Embrace China’s Restless Workforce

Rather than battle the fickleness of your employees, work to live with it

By Wang Yijiang

One of the greatest fears that companies in China have today is investing in their people, only to see them snatched away by rivals. But this is a short-term view that misses the point when it comes to recruitment in China.

Although it might seem counterintuitive to a Western mindset, companies should still invest in their employees even if many of them will likely soon leave. It is true that Chinese companies typically have much higher staff turnover than in the West, but the fact is Chinese employees come into a job knowing that they will not be staying in the job forever, maybe not even three years. Rather than try to fight this reality, companies should find the best ways to come to terms with it. 

What Chinese employees care about is their own mobility and their own market value, and so they focus on the skills they can acquire to achieve their goals. Companies that fail to provide proper training to their employees will soon develop a bad reputation, making it harder to recruit in the future. As well as improving recruitment and retention levels, training also has the benefit of ensuring employees’ skills are up to date.

Focus on the group, not the individual

Instead of worrying about individual employees leaving, companies should focus on their pool of employees as a whole. When viewed from this perspective, it is not necessarily a bad thing for employers to provide training to employees who then leave shortly thereafter. Rather than focus on retaining as many employees as possible, it is better for companies to maintain a stable pool of well-trained employees.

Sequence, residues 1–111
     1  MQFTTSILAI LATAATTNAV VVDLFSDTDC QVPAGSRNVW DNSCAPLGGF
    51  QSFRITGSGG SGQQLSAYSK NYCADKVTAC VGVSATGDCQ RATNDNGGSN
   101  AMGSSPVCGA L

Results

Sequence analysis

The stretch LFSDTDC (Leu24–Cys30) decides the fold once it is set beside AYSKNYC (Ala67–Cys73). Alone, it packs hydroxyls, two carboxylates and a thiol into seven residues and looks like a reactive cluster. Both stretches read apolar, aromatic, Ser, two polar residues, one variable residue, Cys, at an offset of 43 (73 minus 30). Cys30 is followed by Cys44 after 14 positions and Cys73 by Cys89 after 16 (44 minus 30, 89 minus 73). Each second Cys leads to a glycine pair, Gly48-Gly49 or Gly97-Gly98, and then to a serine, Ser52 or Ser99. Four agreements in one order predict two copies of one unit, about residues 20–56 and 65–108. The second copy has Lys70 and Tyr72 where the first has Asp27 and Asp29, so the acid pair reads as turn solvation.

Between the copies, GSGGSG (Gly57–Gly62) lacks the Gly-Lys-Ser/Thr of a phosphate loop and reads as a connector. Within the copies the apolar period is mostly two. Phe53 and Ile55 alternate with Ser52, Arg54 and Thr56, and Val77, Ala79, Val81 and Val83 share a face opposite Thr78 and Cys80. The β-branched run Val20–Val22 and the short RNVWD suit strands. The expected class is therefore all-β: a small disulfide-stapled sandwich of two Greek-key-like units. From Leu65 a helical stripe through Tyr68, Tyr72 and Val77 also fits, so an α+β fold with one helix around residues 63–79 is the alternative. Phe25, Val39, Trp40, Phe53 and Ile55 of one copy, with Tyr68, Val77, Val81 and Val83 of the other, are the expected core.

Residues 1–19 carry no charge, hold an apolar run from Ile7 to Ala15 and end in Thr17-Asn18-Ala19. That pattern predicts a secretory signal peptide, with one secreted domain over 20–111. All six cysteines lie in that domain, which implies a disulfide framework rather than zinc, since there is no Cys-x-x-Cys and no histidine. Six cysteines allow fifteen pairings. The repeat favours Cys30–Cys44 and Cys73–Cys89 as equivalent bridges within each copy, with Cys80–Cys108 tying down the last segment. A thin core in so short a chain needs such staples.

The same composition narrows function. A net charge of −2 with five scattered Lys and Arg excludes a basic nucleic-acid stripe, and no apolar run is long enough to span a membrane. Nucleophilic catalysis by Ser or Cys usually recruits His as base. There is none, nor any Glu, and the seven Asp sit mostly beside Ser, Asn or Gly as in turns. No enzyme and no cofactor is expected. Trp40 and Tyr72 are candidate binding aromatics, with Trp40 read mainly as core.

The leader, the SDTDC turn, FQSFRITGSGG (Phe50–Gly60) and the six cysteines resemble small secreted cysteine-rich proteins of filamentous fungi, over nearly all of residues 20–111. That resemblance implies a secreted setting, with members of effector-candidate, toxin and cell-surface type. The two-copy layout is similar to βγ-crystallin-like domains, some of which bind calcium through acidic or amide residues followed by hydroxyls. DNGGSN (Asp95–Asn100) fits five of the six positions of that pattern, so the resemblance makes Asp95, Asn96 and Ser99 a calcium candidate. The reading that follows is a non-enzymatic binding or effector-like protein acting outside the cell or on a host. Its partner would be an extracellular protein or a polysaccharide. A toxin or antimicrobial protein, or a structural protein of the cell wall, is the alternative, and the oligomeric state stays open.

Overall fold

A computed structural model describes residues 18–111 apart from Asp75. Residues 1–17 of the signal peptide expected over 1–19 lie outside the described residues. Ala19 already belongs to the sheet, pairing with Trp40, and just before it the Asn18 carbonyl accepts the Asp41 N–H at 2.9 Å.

Recruitment and retention of staff are both very challenging for companies in China today. In the current economic environment, many traditionally heavier industries are losing their competitiveness. As a result, there are more unemployed workers flooding the market, but they lack the skills and mentality required to fit into new sectors. 

But the issue is not just recruitment: With the economy undergoing rapid structural changes and the underlying economic conditions worsening, retention is also difficult. 

Best ways to retain staff

Despite the challenges, there are certain ways that companies can cope. It should come as no surprise that the best way to retain senior staff is to offer packages that make it better to stay than to go. Telecommunications giant Huawei and e-commerce conglomerate Alibaba, for example, all have very good records in retaining their senior employees because they can control their own work and career progress, and in addition are very well compensated. It might seem too obvious to say, but offering the best package to your employees is still the best way to keep them. 

More retention options for junior staff

With more junior staff, there are other options available to employers when it comes to retention. Since they are at an earlier stage in their careers, they are still feeling out their career paths and exploring the opportunities that are available to them. Junior employees put more emphasis on interesting work, developing friendships at the office and feeling positive about their companies, so emotional factors may play a larger role in terms of their retention. 

Overall, though, it is getting harder and harder to recruit and retain employees. Underlying macroeconomic conditions mean that workers feel less secure in their positions, and consequently more effort into finding new opportunities. This creates a far higher degree of mobility for the entire labor force, and the result is that it becomes increasingly difficult for employers to recruit the workers they want and to keep them.